Move over, Amazon Web Services, Lockheed Martin and other commercial cloud service providers. The Agriculture Department's National IT Center (NITC) wants a piece of the federal cloud business too. Last summer, NITC became the first federal cloud provider to be certified by the Federal Risk and Authorization Management Program (FedRAMP) to provide cloud services to other federal agencies. And it won't be the last.
In fact, several federal agencies have developed private cloud-based services and begun offering them to government customers. Many federal agencies prefer a private cloud model for the security, privacy and control advantages it offers. But rather than build their own or rely on a commercial provider to host their private cloud, some are choosing a third option: use another agency's private cloud, such as NITC's.
"The cost factor is very compelling. With the pressure on our ever-reduced budgets, we as a government have to look at options like sharing cloud services," says James Steven, NITC's director and acting associate CIO of data center operations.
Shared cloud services address two prominent federal government initiatives: Cloud First, which requires agencies to prioritize cloud services, and the Federal IT Shared Services Strategy, which aims to reduce duplication and waste and save money by encouraging agencies to share IT services.
"This is an area where we are seeing some overlap," says Deltek senior analyst Kyra Fussell, who focuses on the federal government. "There is a lot of motivation to use shared services wherever possible and provide standardized or common IT solutions for business systems to lower costs."
Learning How to Share
The federal government makes shared services available in two ways: An agency either builds enterprise services for its internal organizations or offers them to outside agencies. The USDA's NITC does both.
Launched in 1962, NITC initially provided data center services to only USDA agencies. But in 1988, it began offering managed hosting services to other federal customers. In 2009, NITC launched privately hosted Infrastructure as a Service (IaaS), such as virtual servers, storage and data backup and archiving; and Platform as a Service, including web content management and application and portal server platforms. NITC standardizes on VMware virtualization software and provides virtual servers running Linux, Windows, Solaris and AIX operating systems.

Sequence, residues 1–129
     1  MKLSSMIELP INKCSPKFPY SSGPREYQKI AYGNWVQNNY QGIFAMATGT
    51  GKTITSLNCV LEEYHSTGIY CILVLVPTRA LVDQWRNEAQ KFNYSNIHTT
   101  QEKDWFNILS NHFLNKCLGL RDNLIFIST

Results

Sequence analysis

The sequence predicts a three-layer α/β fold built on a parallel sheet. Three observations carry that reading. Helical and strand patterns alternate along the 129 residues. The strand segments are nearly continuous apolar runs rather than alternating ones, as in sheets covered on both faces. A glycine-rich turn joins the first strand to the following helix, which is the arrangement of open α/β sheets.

For the USDA, shared cloud services means shared savings. NITC doesn't receive any funds from Congress; its operating budget comes from its customers. And as its customer base grows, it creates operational efficiencies and lowers costs, which it passes on to its clients, Steven says.
"We want to attract additional business because it drives economies of scale and lowers our rates across the board for our customers," says Steven, who also plans to market NITC's cloud services to state and local governments. "In the end, USDA agencies all benefit by us growing our business."
Since 2009, for example, customer growth has allowed NITC to lower the price of virtual servers by 30 percent and cloud storage by 35 percent.
Today, NITC's cloud customers include nearly every USDA agency and office, plus a growing list of federal agencies, including the Homeland Security and Labor departments, as well as the Federal Aviation Administration. The Defense Department has used the NITC cloud for several one-off applications, Steven says.
The NITC pursued FedRAMP certification — proving that it meets baseline cloud security requirements — so it could market its wares to other federal agencies. The government is requiring that all cloud services used by agencies meet FedRAMP requirements by June 2014. Steven doesn't consider commercial cloud providers to be direct competitors because of NITC's niche client base.Nevertheless, he believes he provides competitive offerings at competitive prices. He also believes NITC has a competitive edge because it's a federal agency.
"We provide a level of comfort because we're also federal. There's that level of trust," he says. Not only does NITC understand intimately the needs of other federal agencies, but it's easier to purchase NITC's services because the contracting process is more streamlined than going through a commercial provider, Steven says.
NITC's cloud is also unique because it's gone beyond the FedRAMP moderate security control baseline and implemented the Federal Information Security Management Act (FISMA) high security controls for its IaaS offerings. Several agencies use applications that require the higher security level.
In general, for shared cloud services to work, agencies must sign not only contracts that detail financial terms, but also service-level agreements (SLAs) spelling out everything from security policies to communication protocols, should any problems arise. NITC's cloud works the same way. NITC signs an Interagency Memorandum of Understanding with each client, which details service targets. It promises 99.99 percent availability and provides customers with a 24/7 service desk. Contracts are for one year and require a 60-day notice to terminate services.